Well-regarded volunteer Judith Tuckey has been recognised with an Order of Australia medal for her service to the Mandurah community.
Ms Tuckey's first association with Mandurah came when her family spent holidays renting a property on Fairbridge Road.
In 1950, her family moved to Mandurah on retirement and bought a property on that same street, which has since been rebuilt twice and is still Ms Tuckey's home to this day.
From the moment Ms Tuckey moved to Mandurah with her husband, local Owen Tuckey and two young children she wanted to make a difference.
Mandurah was still seen as a fishing village in 1954 with a population of only 1300 people. Ms Tuckey soon saw the need for a kindergarten in the region.
I married into a big family and felt everyone in Mandurah was related to me all of a sudden.- Judith Tuckey OAM
"There were quite a lot of young mums like myself so we decided to raise money for a kindergarten - during that time kindergartens had no attachment to schools," she said.
"It took us about three years to raise enough money to build the buildings.
"That's how my service all started."
Around the same time, Ms Tuckey joined a Toastmasters Club, which trains people in meeting procedures and public speaking. This club is what gave her the confidence to continue her service to the community.
She went on to be a founding member of several clubs and organisations including the Mandurah Country Golf Club, the local branch of the Arthritis Foundation of WA (AFWA), and the Mandurah Citizens Advice Bureau.
Ms Tuckey was also a board member for AFWA from 1977 to 1981.
"My mother had arthritis so I used to take her to see the rheumatologist and he said there wasn't an AFWA branch in Mandurah," Ms Tuckey said.
"I started a branch and then I coordinated the door knock for heart-cancer-arthritis annual appeal for eight years - that was hard work."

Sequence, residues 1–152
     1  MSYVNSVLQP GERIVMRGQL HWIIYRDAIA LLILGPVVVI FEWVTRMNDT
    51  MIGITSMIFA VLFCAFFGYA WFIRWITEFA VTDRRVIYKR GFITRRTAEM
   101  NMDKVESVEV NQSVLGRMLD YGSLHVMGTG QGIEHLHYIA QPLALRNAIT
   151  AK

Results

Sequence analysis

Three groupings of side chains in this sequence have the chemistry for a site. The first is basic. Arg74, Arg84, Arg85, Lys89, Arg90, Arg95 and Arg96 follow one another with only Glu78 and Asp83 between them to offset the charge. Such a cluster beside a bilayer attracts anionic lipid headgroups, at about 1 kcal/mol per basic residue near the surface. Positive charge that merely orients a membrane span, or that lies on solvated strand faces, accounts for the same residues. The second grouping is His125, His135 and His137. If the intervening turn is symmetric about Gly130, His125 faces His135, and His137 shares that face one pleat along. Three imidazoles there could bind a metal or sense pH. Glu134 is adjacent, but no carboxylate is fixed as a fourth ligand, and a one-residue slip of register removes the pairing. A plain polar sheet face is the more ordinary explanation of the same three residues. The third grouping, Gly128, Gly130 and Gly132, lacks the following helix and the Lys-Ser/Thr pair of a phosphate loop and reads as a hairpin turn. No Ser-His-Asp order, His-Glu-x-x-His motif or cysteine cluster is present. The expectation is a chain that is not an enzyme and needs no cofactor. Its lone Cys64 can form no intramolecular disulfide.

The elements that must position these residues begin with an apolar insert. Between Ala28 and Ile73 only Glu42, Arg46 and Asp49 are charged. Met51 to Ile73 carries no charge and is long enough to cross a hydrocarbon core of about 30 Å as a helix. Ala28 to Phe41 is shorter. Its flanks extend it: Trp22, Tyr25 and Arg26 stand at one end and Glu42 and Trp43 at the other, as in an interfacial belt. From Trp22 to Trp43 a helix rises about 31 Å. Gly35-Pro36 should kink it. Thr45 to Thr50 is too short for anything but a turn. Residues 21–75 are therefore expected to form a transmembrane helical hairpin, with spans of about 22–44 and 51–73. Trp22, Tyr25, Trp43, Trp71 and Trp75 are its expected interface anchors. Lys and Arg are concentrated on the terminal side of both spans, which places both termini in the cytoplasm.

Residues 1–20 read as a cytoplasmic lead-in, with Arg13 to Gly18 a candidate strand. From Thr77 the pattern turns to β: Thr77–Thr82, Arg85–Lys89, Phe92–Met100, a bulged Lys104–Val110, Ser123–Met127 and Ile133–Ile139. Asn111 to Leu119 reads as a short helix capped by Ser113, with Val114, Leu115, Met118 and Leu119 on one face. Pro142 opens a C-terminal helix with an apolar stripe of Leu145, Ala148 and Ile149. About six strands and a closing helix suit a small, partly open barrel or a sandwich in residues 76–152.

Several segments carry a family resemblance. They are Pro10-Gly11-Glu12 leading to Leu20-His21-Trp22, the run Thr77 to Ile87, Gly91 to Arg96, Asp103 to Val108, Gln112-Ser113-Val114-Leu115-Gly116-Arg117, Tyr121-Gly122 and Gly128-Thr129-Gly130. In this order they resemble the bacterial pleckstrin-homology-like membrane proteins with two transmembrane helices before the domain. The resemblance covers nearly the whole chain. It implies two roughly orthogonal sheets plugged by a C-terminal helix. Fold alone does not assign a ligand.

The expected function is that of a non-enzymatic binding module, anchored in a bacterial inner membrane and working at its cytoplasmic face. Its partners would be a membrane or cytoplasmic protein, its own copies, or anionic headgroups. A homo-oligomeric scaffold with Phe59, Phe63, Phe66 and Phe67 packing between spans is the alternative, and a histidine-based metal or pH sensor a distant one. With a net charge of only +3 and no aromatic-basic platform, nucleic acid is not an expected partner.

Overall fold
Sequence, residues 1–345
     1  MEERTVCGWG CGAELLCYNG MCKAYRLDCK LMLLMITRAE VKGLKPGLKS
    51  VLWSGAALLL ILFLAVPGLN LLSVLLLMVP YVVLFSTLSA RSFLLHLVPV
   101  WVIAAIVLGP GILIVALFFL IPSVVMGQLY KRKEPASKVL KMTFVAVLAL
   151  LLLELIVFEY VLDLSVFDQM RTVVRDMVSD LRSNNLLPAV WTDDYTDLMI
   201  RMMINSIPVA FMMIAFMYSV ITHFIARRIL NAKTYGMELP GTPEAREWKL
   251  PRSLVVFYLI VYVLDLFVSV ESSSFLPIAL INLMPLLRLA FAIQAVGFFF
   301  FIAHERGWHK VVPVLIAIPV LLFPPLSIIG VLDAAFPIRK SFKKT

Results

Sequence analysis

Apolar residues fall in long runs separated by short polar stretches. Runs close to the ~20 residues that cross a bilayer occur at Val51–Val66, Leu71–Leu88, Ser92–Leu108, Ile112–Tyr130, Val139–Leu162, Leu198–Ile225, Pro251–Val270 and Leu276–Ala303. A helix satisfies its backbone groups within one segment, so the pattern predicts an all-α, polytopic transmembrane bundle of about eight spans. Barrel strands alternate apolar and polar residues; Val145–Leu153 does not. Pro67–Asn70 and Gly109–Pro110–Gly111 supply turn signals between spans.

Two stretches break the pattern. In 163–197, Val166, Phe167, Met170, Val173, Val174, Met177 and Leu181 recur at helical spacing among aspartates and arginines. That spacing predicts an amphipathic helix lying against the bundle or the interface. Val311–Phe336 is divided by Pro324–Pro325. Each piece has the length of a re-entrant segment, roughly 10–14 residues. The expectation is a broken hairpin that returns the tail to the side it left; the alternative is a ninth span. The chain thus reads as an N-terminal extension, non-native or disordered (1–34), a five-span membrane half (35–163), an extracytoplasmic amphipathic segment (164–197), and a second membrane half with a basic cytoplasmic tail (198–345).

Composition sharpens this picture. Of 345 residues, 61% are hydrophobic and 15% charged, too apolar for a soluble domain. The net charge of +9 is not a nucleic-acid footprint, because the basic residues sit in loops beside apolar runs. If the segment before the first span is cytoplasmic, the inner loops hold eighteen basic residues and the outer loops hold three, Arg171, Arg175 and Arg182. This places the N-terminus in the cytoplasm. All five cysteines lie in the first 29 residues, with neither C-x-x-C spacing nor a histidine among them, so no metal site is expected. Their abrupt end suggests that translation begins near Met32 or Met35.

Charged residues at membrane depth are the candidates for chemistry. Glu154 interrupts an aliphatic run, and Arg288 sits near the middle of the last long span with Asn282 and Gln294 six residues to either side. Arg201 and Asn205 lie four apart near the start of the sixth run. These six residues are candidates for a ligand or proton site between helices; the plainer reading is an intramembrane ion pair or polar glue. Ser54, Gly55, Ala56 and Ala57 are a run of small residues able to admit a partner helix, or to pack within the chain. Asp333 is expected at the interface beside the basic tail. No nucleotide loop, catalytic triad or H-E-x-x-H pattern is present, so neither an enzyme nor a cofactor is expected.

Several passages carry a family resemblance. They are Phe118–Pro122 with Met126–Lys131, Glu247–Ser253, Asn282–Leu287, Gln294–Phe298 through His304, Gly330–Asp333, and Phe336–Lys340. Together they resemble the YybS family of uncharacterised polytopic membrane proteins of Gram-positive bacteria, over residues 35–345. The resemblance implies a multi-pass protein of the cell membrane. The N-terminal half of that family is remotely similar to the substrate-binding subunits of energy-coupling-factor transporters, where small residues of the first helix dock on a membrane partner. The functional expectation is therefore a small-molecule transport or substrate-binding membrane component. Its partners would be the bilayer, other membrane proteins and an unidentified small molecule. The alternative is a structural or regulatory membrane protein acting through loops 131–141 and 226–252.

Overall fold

As a volunteer for the Mandurah Citizens Advice Bureau, Ms Tuckey helped low income earners and people with disabilities complete their tax returns.
However, one of Ms Tuckey's most proudest moments was opening the not-for-profit Coolibah Care Retirement Village with her husband.
Still running today, Coolibah Care has provided affordable accommodation and aged care to elderly residents since 1968.
"Mandurah was full of elderly people and both mine and my husbands' parents were getting older so I thought we should create some affordable accommodation for the aged," Ms Tuckey said.
"We hoped it would grow to what it is now but who would have ever believed it?"
Ms Tuckey said volunteers, board members and staff were responsible for seeing Coolibah Care grow.
She is now a patron of Coolibah Care, which she said was a great honour. Ms Tuckey is also a patron of the Mandurah Country Golf Club (MCC).
You don't think of awards when you're doing these things you just enjoy doing them.- Judith Tuckey OAM
The first general public meeting for the MCC was held on March 9, 1960. Of particular significance was the decision to make women full members as opposed to associate members, which was the norm of the day.
Ms Tuckey fondly remembers the men stating they would only consider forming a club if their wives were full members and could enjoy all the facilities the club had to offer with equal voting rights.
In 1960, this was considered a bold move and the committee was warned by some other clubs "this could lead to dire consequences" but as Ms Tuckey was recorded stating at the time "one doesn't say men and women - just members".
She considered herself an average golfer who played off a 16 handicap and was once runner-up in the Ladies championship. She also represented the MCC in pennants and was the ladies captain for three years.
Unfortunately, in 1999 she had to stop playing when she broke both wrists after a fall but still maintained her membership.
Once she had to give up golf, Ms Tuckey joined the Bridge Club where she was a chairperson and president.
For close to 70 years, Ms Tuckey has dedicated her time and resources to improving the lives of others.
She said it was a pleasure to have volunteered throughout her life.
"I've got a lot of satisfaction out of it," she said. "I liked to be kept busy.
"You don't think of awards when you're doing these things you just enjoy doing them.
"To be recognised was wonderful."
When the Order of Australia medals were announced, Ms Tuckey treated it as any other day.
She went to the bridge club and noticed no one read the newspaper with her name in it.
After playing she asked her friend if she wanted to have a glass of wine. Over drinks, Ms Tuckey told her friend she had received an Order of Australia medal.
The following day the whole bridge club celebrated with her.
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